Has its moments. Davidson's frequent opening conceit of a third party leading us to the real story works for me. Getting to the monastery, and the discoveries and machinations there, were the best parts. Thought that the reunion with the brother- the whole point of the story- got short shrift, and the flight from the monastery to civilization took way too long. Didn't for a second buy him and the boy- freezing and exhausted and half-starved- defeating the soldiers hand-to-hand. Not the author's worst, but not his best.
Skeptic, the reviewer of Oct 2010 was absolutely correct. Faber and Faber should be ashamed of their printing. I loved this book once and bought it for friends thankful that it was back in print. Consonants are missing, characters names misspelled and yet Lionel Davidson's writing prevails. Still what a disservice to him and to his readers. I'd love to give it 5 stars but cannot. This printed edition should be redrawn.
Davidson combines news events in Tibet and India with a many-leveled plot, extremely realistic and believable details, and strong and sympathetic characterization. The reader will stay up way past bedtime to find out how the characters survive the next intrigue or survival situation and will put the book down at the conclusion still wondering if it is all a true story.
The Rose of Tibet is a classic adventure book and thoroughly up to Lionel Davidson's high standards. This was one of his first and it remains as charming and unique as when I first read it about 25 years ago. The reason for writing this review is because of the paperback edition that I purchased through Amazon, a so-called Faber Find published by Faber and Faber of London. THIS EDITION IS A DISGRACE TO PUBLISHING. DO NOT PURCHASE IT!!!! It is replete with copy editing howlers, misspellings, omitted words etc. etc. This occurs throughout the book. While reading it, it became clear that this was not a new edition, freshly typeset. It became clear that Faber had scanned an old edition using OCR (optical character recognition) software, which software had a done an atrocious job of rendering the original edition. And to top it off, Faber had not "found" it necessary to proofread the output of the OCR software. This sin of omission is clear because the errors are obvious to any English speaker and occur throughout the book. SHAME ON YOU FABER! SHAME!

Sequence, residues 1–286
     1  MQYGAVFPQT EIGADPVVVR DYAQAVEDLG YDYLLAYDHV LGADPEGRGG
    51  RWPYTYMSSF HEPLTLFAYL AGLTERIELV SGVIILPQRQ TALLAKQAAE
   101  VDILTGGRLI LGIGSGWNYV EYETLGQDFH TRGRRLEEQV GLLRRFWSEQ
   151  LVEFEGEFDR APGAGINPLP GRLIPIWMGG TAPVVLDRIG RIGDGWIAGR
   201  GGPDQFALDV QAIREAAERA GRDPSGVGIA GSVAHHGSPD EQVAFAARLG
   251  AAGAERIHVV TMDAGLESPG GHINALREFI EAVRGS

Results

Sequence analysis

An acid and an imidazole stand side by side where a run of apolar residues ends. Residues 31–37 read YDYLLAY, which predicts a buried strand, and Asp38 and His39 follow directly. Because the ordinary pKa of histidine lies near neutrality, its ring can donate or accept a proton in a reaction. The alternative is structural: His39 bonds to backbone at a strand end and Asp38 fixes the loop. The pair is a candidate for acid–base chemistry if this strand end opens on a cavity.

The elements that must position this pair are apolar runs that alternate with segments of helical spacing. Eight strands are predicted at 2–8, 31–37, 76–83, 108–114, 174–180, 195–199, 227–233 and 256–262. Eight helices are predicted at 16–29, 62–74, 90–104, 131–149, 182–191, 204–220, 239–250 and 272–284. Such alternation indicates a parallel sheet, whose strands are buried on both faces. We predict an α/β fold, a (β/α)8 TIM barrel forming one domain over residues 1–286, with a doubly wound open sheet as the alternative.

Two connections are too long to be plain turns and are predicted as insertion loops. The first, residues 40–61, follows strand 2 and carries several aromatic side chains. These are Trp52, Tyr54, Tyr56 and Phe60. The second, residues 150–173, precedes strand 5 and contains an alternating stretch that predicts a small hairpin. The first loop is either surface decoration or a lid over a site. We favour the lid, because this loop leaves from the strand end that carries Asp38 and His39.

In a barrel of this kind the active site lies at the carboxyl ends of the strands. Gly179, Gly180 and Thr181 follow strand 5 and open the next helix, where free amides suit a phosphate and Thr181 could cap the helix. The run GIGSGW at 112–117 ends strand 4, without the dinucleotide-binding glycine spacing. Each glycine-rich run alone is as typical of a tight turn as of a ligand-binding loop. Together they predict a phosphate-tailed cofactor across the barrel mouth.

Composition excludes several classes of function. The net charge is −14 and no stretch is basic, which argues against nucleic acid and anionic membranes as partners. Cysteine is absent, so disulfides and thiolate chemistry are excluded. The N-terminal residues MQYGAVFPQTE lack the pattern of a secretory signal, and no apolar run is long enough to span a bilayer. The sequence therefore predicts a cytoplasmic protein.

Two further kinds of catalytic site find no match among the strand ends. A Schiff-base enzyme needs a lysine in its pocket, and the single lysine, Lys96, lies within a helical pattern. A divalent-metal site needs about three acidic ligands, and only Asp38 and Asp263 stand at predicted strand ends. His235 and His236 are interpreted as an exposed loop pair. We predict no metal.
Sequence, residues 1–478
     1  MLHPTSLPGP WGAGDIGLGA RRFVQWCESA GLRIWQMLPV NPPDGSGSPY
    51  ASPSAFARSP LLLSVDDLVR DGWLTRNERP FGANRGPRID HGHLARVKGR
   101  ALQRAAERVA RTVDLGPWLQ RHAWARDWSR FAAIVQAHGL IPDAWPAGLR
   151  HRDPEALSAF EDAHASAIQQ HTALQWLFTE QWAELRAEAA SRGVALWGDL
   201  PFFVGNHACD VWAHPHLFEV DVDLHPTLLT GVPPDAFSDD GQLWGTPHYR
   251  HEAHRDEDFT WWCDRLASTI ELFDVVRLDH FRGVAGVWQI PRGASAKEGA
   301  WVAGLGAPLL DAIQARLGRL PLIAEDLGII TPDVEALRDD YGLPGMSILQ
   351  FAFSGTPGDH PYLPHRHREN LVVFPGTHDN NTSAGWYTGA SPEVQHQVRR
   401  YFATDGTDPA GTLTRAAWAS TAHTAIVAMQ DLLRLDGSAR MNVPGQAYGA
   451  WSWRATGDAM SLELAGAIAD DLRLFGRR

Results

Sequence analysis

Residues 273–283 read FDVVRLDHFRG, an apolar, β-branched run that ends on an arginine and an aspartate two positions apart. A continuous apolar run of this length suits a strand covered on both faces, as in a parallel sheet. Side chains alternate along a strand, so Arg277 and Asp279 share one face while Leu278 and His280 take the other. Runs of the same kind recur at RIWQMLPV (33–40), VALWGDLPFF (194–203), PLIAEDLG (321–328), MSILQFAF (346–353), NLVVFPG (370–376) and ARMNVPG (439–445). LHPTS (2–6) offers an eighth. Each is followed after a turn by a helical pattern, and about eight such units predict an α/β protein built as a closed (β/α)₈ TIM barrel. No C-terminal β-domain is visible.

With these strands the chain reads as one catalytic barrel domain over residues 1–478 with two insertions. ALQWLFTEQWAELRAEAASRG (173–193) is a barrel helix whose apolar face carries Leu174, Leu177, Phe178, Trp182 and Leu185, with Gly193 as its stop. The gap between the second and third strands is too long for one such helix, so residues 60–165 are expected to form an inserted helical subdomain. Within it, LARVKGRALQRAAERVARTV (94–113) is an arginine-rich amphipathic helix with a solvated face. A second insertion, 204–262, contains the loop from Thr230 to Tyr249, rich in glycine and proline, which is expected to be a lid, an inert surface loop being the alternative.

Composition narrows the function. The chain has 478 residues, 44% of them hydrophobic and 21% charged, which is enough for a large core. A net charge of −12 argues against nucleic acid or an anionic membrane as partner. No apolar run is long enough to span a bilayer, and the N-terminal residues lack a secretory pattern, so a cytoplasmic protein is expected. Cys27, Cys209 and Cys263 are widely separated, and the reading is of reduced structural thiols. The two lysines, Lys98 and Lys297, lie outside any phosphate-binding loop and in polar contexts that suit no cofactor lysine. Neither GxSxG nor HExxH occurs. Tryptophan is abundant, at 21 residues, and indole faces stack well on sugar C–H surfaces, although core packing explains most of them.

How did Lionel Davidson know so much about Tibet to create this fast action packed story? An adventure tale told with enough exotic detail to rankle all the "Orientalists".
I have read this book (in hard copy) before and enjoyed it immensely, interesting plot, unique location and nice device of introducing the author as a character.
But... this digital edition which I bought for my e-reader while travelling is dreadful. Full of typography and spelling mistakes to a ridiculous level. I would not buy anything published by Faber and Faber again if they think it is okay to sell something so shoddy.
Being a cheaper edition is no excuse. I would not like to think the increase in digital books means a decrease in editing and proofing standards.
A very interesting adventure in an exotic setting. After you've read it you're not sure if it was just a story or did this really happen.